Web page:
cardinal Cardinal or The Cardinal may refer to: Christianity * Cardinal (Catholic Church), a senior official of the Catholic Church * Cardinal (Church of England), two members of the College of Minor Canons of St. Paul's Cathedral Navigation * Cardinal ...
is a member of the clergy appointed by the Pope to serve in the
College of Cardinals The College of Cardinals, formerly styled the Sacred College of Cardinals, is the body of all cardinals of the Catholic Church. its current membership is 225. Cardinals are appointed by the pope for life. Changes in life expectancy partly acco ...
. Members of the College aged under 80 elect a new pope, who is in practice always one of their number, on the death or resignation of the incumbent. Cardinals also serve as papal advisors and hold positions of authority within the structure of the Catholic Church. Under canon law, a man appointed a cardinal must normally be a bishop, or accept consecration as a bishop, but may seek papal permission to decline. Most cardinals are already bishops when appointed, the majority being archbishops of important archdioceses or patriarchates, others already serving as titular bishops in the Roman Curia. Recent popes have appointed a few priests, most of them renowned theologians, to the College of Cardinals, and these have been permitted to decline episcopal consecration. Examples include Karl Becker in 2012 and
Ernest Simoni
Ernest Simoni
in 2016.


Titles and functions reserved for archbishops


Pope

The
pope The pope ( la, papa, from el, πάππας, translit=pappas, "father"), also known as the supreme pontiff () or the Roman pontiff (), is the bishop of Rome, chief pastor of the worldwide Catholic Church, and head of state or sovereign of the V ...

pope
is the Bishop of
Rome , established_title = Founded , established_date = 753 BC , founder = King Romulus , image_map = Map of comune of Rome (metropolitan city of Capital Rome, region Lazio, Italy).svg , map_caption = The territo ...
. The Catholic Church holds that the College of Bishops as a group is the successor of the College of Apostles. The Church also holds that uniquely among the
apostles upright=1.35, Jesus and his Twelve Apostles, Chi-Rho symbol ☧, Chi_Rho">Chi-Rho_symbol_☧,_Catacombs_of_Domitilla,_Rome.html" style="text-decoration: none;"class="mw-redirect" title="Catacombs of Domitilla">Chi Rho">Chi-Rho symbol ☧, C ...

apostles
Saint Peter Saint Peter; he, שמעון בר יונה, Šimʿōn bar Yōnāh; ar, سِمعَان بُطرُس, translit=Simʿa̅n Buṭrus; grc-gre, Πέτρος, Petros; cop, Ⲡⲉⲧⲣⲟⲥ, Petros; lat, Petrus; ar, شمعون الصفـا, Sham'un al-Safa, ...
, the first Bishop of Rome, was granted a role of leadership and authority, giving the pope the right to govern the Church together with the bishops. Hence, the Church holds that the Bishop of Rome, as successor of Peter, possesses the role, uniquely among bishops, of speaking for the whole Church, appointing other bishops, and managing the Church's central administration, the
Roman Curia The Roman Curia ( la, Romana Curia ministerium suum implent) comprises the administrative institutions of the Holy See and the central body through which the affairs of the Catholic Church are conducted. It acts in the pope's name and with his ...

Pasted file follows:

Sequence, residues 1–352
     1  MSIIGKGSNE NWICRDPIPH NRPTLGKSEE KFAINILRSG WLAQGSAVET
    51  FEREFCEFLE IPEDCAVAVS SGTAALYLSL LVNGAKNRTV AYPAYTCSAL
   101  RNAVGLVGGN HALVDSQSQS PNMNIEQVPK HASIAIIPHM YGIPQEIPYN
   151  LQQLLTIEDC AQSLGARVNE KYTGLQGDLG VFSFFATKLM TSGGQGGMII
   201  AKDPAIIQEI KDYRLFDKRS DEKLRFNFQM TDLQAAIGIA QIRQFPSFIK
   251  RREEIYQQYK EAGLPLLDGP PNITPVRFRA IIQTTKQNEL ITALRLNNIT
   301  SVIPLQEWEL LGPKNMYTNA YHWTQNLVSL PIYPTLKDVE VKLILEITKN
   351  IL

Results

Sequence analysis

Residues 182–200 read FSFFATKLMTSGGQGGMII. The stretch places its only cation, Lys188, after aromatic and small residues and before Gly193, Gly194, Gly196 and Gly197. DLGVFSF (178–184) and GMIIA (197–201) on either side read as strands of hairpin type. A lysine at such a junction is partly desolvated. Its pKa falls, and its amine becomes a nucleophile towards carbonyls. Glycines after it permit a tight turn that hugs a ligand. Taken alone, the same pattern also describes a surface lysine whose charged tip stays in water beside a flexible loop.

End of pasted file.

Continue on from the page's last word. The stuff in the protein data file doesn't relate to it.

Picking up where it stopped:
. Papal pronouncements which meet the requirements of the decree on
papal infallibility Papal infallibility is a dogma of the Catholic Church which states that, in virtue of the promise of Jesus to Peter, the pope when appealing to his highest authority is preserved from the possibility of error on doctrine "initially given to the a ...
of the
First Vatican Council The First Vatican Council ( la, Concilium Vaticanum Primum) was convoked by Pope Pius IX on 29 June 1868, after a period of planning and preparation that began on 6 December 1864. This, the twentieth ecumenical council of the Catholic Church, held ...
are infallible.


Pope emeritus

On his resignation as pope (Bishop of Rome), Benedict XVI became '' His Holiness Benedict XVI, Supreme Pontiff Emeritus'' or ''Pope Emeritus''.


Patriarch and Catholicos

CatholicosCatholicos, plural Catholicoi, is a title used for the head of certain churches in some Eastern Christian traditions. The title implies autocephaly and in some cases it is the title of the head of an autonomous church. The word comes from ancient Gre ...
is an Eastern title roughly similar to that of patriarch. In the Catholic Church it is applied to a prelate who is also a major archbishop.


Major archbishop

Major archbishop In the Eastern Catholic Churches, major archbishop is a title for the chief hierarch of an autonomous (''sui juris'') particular Church that has not been "endowed with the patriarchal title". Major archbishops generally have the same rights, privi ...
s are the heads of some of the
Eastern Catholic Churches The Eastern Catholic Churches or Oriental Catholic Churches, also called the Eastern-rite Catholic Churches, Eastern Rite Catholicism, or simply the Eastern Churches and in some historical cases referred to as ''Uniates'', are twenty-three East ...
. The major archbishops' authority within their respective ''sui juris'' churches is equal to that of a patriarch, but they receive fewer ceremonial honours.


Primate

In the Catholic,
Anglican Anglicanism is a Western Christian tradition that has developed from the practices, liturgy, and identity of the Church of England following the English Reformation. Adherents of Anglicanism are called ''Anglicans''; they are also called ''E ...
, and some other churches a